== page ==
Saturday, December 10, 2011

Thermal imaging camera for soldier's smartphones


Smartphones are already all-purpose, do-everything tools for civilians. Could they soon fulfil the same role for soliders? DARPA wants to take a step in that direction by shrinking thermal imaging cameras to fit into soldiers' phones.
Thermal imaging shows how the world looks at infrared wavelengths of 8 to 12 micrometres. At those wavelengths, people, warm-blooded animals, and operating engines glow brightly against the cooler background of plants and soil. Firefighters use thermal imaging cameras to identify dangerous hot spots. Soldiers use them to check what might be lurking in the brush, especially in dim light.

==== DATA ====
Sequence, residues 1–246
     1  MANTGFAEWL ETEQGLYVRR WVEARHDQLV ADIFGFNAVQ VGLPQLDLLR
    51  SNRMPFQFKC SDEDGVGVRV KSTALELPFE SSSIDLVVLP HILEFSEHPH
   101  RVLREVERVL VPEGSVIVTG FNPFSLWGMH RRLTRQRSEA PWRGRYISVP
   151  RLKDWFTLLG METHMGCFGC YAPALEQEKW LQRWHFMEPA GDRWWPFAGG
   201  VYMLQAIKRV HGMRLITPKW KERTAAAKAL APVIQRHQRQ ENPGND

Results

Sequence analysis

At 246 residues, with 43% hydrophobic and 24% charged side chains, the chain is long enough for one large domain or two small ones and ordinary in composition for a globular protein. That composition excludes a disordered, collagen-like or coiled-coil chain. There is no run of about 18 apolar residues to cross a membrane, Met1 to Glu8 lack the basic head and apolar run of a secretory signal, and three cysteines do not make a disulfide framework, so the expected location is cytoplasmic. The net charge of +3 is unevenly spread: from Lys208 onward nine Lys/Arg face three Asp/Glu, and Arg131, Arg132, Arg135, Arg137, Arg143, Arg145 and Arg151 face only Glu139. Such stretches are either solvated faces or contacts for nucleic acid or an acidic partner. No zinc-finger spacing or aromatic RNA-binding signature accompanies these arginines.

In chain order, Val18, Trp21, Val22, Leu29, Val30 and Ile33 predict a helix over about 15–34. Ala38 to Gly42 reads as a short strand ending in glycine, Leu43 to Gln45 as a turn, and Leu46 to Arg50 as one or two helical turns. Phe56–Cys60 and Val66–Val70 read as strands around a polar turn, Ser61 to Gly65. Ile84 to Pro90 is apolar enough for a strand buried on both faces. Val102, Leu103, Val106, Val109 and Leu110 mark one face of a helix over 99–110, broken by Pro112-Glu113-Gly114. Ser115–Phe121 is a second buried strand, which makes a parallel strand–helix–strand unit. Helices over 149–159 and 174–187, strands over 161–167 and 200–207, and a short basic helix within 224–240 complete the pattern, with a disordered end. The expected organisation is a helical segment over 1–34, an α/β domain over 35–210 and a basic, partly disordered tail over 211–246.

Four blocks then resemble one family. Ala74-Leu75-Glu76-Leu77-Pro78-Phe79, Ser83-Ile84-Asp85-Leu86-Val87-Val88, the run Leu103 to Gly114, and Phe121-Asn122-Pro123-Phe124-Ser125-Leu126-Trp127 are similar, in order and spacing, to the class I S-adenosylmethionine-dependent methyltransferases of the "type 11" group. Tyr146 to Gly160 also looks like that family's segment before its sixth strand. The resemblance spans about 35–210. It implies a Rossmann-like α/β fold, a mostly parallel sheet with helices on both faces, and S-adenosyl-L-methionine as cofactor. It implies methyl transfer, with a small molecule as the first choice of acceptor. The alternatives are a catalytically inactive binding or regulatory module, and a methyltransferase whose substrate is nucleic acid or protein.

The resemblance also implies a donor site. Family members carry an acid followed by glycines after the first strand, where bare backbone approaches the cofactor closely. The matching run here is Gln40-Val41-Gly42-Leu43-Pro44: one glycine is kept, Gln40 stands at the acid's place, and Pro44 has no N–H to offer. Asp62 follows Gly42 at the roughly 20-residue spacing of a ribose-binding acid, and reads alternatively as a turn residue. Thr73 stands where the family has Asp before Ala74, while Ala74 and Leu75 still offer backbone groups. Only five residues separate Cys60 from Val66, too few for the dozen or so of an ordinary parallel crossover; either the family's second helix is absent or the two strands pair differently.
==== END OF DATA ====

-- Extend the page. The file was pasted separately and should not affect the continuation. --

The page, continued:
But today's thermal imaging cameras are big and expensive: standard military versions resemble binoculars and cost thousands of dollars. Civilian models used by firefighters and contractors cost $1000 or more and may weigh a few kilograms. Key problems are the high cost, large size, and power requirements of the infrared-sensitive sensors needed to record images at wavelengths about 20 times longer than visible light.
To overcome those problems, DARPA is paying Raytheon Vision Systems $13.4 million over three years to develop ways to make the sensors small and cheap enough to be integrated into phones. Soon every US soldier could have a thermal imaging camera in their back pocket.

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